Geography Feminist Geography
Carrie Mott
  • LAST REVIEWED: 15 April 2021
  • LAST MODIFIED: 21 January 2016
  • DOI: 10.1093/obo/9780199874002-0123


Feminism exists to critically and self-reflexively examine regimes of power at work in everyday life. Through attention to social differences, such as gender, race, class, ethnicity, age, ability, and sexuality, feminist geography highlights the significance of difference in shaping experiences of space and place. Feminist geography emerged in the 1980s as a move within geography that took two primary directions. First, to open the discipline up to more female geographers, through more equitable hiring processes and attempts to shift oppressive departmental cultures. Second, feminist geography encouraged geographers to develop scholarship that was mindful of gender and that included studies of women and women’s concerns. Since feminism’s early forays into geography, attention to gender has evolved into an emphasis on social difference more broadly construed. Feminist geographers have emphasized the significance of embodiment, emotion, and spaces of intimacy through geographic research. Today the term “feminist” within geography means different things. First, that one simply does geography with a feminist lens, approaching subject matter that falls under the headings of any of the more traditional subdisciplines, including geographies of the political, economic, social, or environmental. Second, feminist geographical approaches often involve more participatory and inclusive methods in both research and publication. Third, feminist geographies are often rooted in social justice concerns, mindful of the capacity for scholarship to call attention to the ways affected communities are negatively impacted by oppressive forces at work in the world. Lastly, feminist geographers are concerned with how greater regimes of power, such as governmental and corporate entities, and problematic social norms, are experienced and negotiated in people’s everyday lives.

General Overviews

Many of the early overviews of feminist geography were further attempts to legitimize feminism within the discipline, often arguing for the relevance of such studies and attempting to speak broadly to human geographers about the value of incorporating feminism into geographic scholarship, and of supporting feminist scholars (who were also most often female). Massey 1994; Jones, et al. 1997; McDowell and Sharp 1997; and McDowell 1999 are all examples of these earlier collections that worked to highlight scholarship under a broad heading of “feminist geography.” While early collections were oriented broadly around feminism as a common thread, feminist geography has continued to evolve and diversify, and today it is much more difficult to simply group things together as “feminist.” Consequently, more recent edited collections tend to be oriented around a focal point within feminist geography, such as embodiment, feminist geopolitics, or sexuality studies.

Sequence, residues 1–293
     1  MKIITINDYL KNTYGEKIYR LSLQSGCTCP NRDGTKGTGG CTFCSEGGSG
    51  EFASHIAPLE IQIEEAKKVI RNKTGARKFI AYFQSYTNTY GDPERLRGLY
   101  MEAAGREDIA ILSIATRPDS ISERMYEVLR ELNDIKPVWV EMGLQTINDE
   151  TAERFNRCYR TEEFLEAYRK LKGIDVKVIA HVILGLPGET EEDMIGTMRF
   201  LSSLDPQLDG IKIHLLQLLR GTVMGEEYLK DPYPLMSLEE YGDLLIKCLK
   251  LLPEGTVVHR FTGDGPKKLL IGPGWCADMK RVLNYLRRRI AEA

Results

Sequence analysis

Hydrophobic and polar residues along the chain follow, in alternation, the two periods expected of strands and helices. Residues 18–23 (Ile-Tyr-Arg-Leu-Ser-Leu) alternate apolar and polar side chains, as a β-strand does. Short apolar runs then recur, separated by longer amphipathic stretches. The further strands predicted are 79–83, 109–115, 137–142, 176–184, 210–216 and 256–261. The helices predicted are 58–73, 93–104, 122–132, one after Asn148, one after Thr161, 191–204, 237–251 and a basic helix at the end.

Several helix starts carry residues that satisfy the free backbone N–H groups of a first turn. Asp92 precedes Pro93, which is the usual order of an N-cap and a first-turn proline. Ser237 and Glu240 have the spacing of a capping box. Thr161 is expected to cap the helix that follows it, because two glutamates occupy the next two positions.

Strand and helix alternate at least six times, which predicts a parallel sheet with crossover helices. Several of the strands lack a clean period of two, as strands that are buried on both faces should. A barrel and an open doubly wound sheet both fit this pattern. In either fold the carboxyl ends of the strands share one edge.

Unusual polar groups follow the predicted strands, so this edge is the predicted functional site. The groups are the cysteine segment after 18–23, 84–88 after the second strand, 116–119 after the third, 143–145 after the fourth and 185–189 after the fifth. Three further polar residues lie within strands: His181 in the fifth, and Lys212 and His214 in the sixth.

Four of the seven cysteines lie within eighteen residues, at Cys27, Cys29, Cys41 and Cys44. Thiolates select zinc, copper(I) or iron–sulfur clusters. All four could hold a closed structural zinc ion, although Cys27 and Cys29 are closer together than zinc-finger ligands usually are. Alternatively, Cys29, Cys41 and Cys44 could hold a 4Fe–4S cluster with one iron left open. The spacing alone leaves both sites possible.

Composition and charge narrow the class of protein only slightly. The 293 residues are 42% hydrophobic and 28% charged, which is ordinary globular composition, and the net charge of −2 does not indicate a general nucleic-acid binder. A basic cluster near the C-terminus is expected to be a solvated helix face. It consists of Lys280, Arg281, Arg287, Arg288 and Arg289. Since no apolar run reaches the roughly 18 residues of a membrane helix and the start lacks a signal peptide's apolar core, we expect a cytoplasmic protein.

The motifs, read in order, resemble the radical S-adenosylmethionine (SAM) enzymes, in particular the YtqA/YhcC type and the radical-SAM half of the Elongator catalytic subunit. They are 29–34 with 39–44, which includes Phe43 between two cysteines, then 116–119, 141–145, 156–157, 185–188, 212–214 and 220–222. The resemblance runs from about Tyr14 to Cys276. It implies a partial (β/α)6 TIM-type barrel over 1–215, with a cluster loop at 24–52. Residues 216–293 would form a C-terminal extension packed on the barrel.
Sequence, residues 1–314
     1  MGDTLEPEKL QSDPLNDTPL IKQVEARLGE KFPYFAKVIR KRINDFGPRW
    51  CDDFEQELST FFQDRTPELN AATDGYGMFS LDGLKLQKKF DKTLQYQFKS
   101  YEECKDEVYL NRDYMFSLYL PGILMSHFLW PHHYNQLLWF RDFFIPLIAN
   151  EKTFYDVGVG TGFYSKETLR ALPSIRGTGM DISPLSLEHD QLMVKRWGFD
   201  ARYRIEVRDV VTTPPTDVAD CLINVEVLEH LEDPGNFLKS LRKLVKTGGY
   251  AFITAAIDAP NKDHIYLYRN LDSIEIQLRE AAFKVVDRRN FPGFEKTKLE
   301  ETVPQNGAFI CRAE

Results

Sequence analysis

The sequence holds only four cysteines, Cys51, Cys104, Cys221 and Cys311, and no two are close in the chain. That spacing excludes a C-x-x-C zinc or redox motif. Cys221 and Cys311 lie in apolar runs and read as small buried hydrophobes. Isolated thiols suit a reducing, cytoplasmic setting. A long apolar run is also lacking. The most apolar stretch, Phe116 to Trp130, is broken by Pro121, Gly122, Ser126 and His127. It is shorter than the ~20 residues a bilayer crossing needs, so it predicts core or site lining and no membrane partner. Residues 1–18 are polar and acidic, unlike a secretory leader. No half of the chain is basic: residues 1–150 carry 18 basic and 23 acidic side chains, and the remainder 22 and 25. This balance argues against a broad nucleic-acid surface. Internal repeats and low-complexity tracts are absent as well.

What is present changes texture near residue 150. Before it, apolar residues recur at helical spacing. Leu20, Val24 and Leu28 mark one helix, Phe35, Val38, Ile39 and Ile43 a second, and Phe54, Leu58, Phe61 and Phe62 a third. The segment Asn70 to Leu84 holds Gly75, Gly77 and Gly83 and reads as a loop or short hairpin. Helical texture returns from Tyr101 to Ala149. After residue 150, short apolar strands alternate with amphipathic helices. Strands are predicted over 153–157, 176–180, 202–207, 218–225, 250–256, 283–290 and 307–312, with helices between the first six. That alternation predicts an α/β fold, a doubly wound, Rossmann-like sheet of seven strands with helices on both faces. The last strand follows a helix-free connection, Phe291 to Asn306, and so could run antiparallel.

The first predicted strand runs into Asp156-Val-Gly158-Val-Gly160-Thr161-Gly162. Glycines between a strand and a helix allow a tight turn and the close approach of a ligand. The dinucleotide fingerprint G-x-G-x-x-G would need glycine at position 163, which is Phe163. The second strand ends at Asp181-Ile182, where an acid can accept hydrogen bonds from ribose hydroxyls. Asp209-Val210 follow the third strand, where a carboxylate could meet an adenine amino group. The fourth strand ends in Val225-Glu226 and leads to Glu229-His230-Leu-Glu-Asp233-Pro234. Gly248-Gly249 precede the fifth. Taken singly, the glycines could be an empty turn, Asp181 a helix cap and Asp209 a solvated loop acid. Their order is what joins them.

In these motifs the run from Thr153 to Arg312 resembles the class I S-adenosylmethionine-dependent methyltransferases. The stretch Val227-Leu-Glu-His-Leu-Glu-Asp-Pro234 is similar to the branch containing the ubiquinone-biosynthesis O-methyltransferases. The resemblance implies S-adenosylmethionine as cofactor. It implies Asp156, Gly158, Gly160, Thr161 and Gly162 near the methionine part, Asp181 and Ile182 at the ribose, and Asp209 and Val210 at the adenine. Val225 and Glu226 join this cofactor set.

• Jones, John Paul, Heidi J. Nast, and Susan M. Roberts, eds. Thresholds in Feminist Geography. Lanham, MD: Rowman and Littlefield, 1997.

    This edited collection attempts to show the state of feminist geography by looking to its “thresholds”: the pasts, presents, and futures of feminism in geography. The book includes contemporary scholarship by feminist geographers and also addresses prevalent issues facing the subdiscipline.

  • Massey, Doreen B. Space, Place, and Gender. Minneapolis: University of Minnesota Press, 1994.

    A collection of essays written by Massey addressing the ways that social relations inform experiences of space and place, including her understanding of space-time as a framework for conceptualizing the intersectionality and inherent multiplicity within any given space.

  • McDowell, Linda. Gender, Identity and Place: Understanding Feminist Geographies. Cambridge, UK: Polity, 1999.

    This book examines the gendered dynamics and importance of the local, challenging widespread emphasis within geographic scholarship on the primacy of the global and processes of globalization.

  • McDowell, Linda, and Joanne P. Sharp, eds. Space, Gender, Knowledge: Feminist Readings. New York: John Wiley, 1997.

    Several of the essays in this edited collection are by scholars prominent in the initial movement of feminism within geography, as well as feminists from outside geography, such as Elizabeth Grosz and Judith Butler. An initial section dedicated to the relationship of gender to geographic scholarship is followed by sections emphasizing the practice of feminist geography through considerations of the environment, the body, everyday space, work, and politics.

  • Nelson, Lise, and Joni Seager, eds. A Companion to Feminist Geography. Malden, MA: Blackwell, 2005.

    DOI: 10.1002/9780470996898

    This edited volume brings together various key scholars of feminist geography, with essays focused on a variety of geography’s subdisciplines, including economic geography, urban geography, geographies of embodiment, political ecology, and political geography.

  • Women and Geography Study Group of the Royal Geographic Society. Feminist Geographies: Explorations in Diversity and Difference. Harlow, UK: Pearson Education, 1997.

    Written collaboratively with multiple authors for each chapter, this book aims to reflect both the contemporary state of feminist geography and to show the evolution of the field. This work is designed to be a pedagogical tool targeting undergraduate geographers. As such, it is peppered with excerpts from important works by feminist geographers, as well as activities and points for discussion designed to enhance students’ understandings of the scholarly practice of feminist geography.

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